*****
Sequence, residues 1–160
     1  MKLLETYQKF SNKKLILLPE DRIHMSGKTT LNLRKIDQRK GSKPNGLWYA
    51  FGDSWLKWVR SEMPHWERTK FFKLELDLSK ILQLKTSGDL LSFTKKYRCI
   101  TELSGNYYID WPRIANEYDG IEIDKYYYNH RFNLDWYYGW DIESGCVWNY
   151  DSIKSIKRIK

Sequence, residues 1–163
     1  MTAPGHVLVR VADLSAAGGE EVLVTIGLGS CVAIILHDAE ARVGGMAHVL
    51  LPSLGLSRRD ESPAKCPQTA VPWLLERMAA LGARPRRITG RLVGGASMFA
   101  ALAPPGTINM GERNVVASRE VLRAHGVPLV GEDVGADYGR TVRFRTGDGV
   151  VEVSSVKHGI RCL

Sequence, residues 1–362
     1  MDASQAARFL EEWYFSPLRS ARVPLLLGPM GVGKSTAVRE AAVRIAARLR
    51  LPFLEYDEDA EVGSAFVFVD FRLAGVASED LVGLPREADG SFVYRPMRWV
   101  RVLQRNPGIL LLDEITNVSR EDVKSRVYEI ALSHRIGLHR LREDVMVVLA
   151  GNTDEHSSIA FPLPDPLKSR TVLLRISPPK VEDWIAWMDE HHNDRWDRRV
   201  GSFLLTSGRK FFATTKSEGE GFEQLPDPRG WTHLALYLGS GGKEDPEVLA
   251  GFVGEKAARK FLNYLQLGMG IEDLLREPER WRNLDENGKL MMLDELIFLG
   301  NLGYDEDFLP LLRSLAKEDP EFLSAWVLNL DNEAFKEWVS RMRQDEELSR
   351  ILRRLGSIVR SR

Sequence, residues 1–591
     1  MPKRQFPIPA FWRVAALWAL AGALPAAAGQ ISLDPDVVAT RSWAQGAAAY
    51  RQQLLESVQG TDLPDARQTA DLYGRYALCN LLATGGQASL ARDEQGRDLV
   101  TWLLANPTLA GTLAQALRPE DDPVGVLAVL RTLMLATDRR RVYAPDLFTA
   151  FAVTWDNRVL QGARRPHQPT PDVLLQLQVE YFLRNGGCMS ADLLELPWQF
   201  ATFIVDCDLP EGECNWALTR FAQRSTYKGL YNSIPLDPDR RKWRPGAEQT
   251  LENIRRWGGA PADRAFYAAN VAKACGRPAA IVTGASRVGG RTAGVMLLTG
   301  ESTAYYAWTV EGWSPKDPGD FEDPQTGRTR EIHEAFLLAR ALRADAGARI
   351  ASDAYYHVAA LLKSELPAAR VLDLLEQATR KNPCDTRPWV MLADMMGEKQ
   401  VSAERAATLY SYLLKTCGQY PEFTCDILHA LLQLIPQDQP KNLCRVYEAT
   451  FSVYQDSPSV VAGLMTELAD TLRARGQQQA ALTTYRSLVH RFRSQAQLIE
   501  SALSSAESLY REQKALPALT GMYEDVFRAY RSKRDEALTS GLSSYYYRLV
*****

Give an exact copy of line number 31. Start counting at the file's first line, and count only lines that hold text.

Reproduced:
   501  SALSSAESLY REQKALPALT GMYEDVFRAY RSKRDEALTS GLSSYYYRLV